In conclusion one must understand that without the science of invocation there can be no progress on the path of yoga. One must know what is to be invoked and from whom; in the moment of invocation one must recognise what was been invoked and know how to respond to the power that presents itself. Without the science of mantra raja and its mantrodhara the khechari mudra will remain forever a dream never lived.
MUDRAS – The third step in the science of Hatha Yoga
MUDRAS by Sundernath
Europe 2018 Courses
Mudras constitute the third step in the science of Hatha Yoga and evolve from the first two steps, asana-kriya and pranayama.
The required bodily shapes (asanas and karanas), combined with different modes of pranayama are adapted to create the mudras. The mudras form the bridge to the internal states of consciousness, Pratyahara (sense withdrawal), Dharana (concentration) and Dhyana (meditation – a sustained, unbroken flow to the point of concentration). Dhyana leads into the state of Samadhi, the mental state of equanimity which has two levels – Samani (with the support of the mind) and Unmani (beyond the mind). Unmani Samadhi is where the mind accepts the guidance of the soul and the soul awakens from its slumber. All these final stages of the path of yoga arise from and depend upon the mudras.
Before describing the mudras themselves it is helpful to consider the meaning of the term ‘mudra’. The first part, ‘mu’ denotes the fulfilment of a joyous experience’; while the second part ‘dra’ refers to a sealed ring shape. The full meaning is therefore ‘a sealed bodily gesture giving rise to a feeling of joy.’
From the cryptic terminology suggesting a ring shaped seal one can infer the role of the ‘cricoid’ cartilage that is shaped like a signet ring. The cricoid supports and protects the larynx and marks the transition to the trachea. The larynx and pharynx are channels of the spleen and stomach, through which the vital wind (pranavayu) moves up and down. The tension of the vocal cords is controlled by flexion or relaxation of the muscles attached to the cricoid. This modifies the tone of the voice. The cords can also spread or contract to permit or block the flow of respiration. The cricoid thus holds the secret of Jalandhara Bandha.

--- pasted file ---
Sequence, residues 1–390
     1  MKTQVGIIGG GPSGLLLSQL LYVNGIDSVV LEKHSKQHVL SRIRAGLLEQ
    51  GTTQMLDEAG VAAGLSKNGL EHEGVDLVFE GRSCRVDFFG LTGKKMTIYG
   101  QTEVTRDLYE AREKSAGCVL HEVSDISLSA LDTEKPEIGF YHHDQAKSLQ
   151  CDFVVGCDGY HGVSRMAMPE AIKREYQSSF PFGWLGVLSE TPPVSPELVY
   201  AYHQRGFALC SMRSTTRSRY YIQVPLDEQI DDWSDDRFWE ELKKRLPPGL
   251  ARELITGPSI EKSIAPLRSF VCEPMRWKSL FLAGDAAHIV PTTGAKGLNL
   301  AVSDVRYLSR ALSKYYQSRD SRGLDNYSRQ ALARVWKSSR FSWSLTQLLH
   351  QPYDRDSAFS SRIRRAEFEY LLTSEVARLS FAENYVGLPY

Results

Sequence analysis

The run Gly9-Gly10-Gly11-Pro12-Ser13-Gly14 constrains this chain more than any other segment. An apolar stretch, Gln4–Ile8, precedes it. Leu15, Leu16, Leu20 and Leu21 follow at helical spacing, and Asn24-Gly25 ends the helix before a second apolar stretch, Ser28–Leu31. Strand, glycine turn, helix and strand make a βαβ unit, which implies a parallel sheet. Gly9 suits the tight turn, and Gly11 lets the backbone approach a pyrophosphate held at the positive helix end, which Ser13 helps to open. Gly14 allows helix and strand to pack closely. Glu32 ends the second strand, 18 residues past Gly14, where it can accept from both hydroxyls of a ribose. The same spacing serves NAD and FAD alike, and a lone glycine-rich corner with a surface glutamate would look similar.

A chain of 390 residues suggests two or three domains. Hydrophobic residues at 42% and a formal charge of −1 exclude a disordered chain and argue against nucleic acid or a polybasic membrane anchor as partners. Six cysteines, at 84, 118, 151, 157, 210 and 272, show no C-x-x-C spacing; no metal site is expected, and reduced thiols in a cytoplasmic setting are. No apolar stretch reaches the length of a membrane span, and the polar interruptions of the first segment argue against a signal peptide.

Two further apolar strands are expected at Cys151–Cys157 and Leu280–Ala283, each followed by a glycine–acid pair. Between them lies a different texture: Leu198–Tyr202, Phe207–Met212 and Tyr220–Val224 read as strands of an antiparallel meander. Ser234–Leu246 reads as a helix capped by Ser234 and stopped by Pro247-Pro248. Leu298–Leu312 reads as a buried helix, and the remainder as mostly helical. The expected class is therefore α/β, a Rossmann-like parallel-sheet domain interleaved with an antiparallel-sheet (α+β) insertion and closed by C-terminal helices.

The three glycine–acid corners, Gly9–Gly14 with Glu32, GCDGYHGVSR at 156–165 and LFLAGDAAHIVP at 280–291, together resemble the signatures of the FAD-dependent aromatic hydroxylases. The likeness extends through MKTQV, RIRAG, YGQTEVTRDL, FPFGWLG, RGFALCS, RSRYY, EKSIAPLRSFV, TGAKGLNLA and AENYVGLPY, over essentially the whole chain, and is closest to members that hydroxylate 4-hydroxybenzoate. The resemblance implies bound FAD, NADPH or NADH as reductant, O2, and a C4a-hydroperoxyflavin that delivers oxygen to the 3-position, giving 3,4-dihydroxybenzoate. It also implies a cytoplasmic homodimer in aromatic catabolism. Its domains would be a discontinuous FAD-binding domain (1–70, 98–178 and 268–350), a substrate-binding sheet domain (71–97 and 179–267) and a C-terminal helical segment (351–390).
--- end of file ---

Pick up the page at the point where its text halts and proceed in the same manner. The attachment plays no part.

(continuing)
The second such ‘ring’ within the body is the navel. The area of the navel controls absorption and the eyes and ears are connected to it. The navel also controls space within the bodily structures. Below the navel and above the point where the uretha enters the bladder is the location of uddiyana and it is through the navel that one gains control of Uddiyana Bandha. The third ring is the anal sphincter which is controlled from the centre of the perineal floor and which gives rise to the state of Mula Bandha.
These three bandhas are the heart and soul of all the mudras. When they are held together at the same time this constitutes Maha Bandha. Once this is mastered one can begin the application of Mahamudra (the great seal). This is utilised after the completion of mantra nyasa and leads to Viparita Karani Mudra. This in turn leads into Pashini Mudra with its three stages of Vayu Bandha, Vajroli Mudra and Laya Mudra. These mudras prepare the field for the cultivation of Nabho Mudra, better known as Khecari Mudra ‘the queen of the mudra kings’. Khechari Mudra is Kundalini in her full bloom.
Sixteen asanas are used as supplementary aids to prepare the body-mind complex for the adaptation of the mudras. Matsyendranath and Gorakhnath only gave these mudras. Later texts list many more and this is an indication of the decline of yogic culture, long before the advent of the glorified exercise systems that now misappropriate the term ‘yoga’.
I will give a broader explanation of the science of mudra in my forthcoming book however the practical adaptation of the art of mudras must be learnt from a guide in whom they live. Otherwise one will face set backs through injury that, in turn, will lead to various types of disease.
SHATKRIYAS by Sundernath
Agniyogana Film: Events
SHATKRIYAS – THE SIX ACTS
The six acts (processes)
The Asanas constitute the first limb of Hatha Yoga and must be mastered before beginning the internal practices of Pranayama, Mudra, Pratyahara, Dharana, Dhyana and Samadhi. This mastery involves the dynamic asanas and their static counterparts, the later required for the practices of Pranayama. It is here at the crossroads between asana and pranayama that the use of the six acts should be considered.